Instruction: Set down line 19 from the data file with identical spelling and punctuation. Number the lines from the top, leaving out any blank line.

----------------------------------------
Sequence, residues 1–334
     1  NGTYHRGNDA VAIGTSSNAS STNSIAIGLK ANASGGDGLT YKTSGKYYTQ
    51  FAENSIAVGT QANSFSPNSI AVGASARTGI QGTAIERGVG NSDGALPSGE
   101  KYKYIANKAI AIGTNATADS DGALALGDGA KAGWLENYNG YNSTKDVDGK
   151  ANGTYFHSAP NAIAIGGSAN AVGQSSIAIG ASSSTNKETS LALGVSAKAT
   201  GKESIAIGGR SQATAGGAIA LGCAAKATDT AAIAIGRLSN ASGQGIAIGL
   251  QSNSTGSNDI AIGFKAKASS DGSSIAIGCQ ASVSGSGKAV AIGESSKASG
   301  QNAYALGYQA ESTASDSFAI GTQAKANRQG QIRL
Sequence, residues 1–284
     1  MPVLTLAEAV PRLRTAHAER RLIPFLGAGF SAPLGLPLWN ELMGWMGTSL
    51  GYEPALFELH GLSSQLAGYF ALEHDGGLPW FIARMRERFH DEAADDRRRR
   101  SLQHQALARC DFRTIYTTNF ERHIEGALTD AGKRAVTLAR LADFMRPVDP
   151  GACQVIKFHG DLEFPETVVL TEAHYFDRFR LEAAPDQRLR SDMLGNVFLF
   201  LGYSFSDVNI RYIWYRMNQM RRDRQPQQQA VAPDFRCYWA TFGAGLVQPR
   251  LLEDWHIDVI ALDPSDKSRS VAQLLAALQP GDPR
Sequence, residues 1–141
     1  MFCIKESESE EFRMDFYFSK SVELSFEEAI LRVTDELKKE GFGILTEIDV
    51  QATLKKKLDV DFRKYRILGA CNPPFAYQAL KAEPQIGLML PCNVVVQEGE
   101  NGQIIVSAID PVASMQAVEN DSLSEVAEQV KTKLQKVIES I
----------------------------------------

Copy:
   101  NGQIIVSAID PVASMQAVEN DSLSEVAEQV KTKLQKVIES I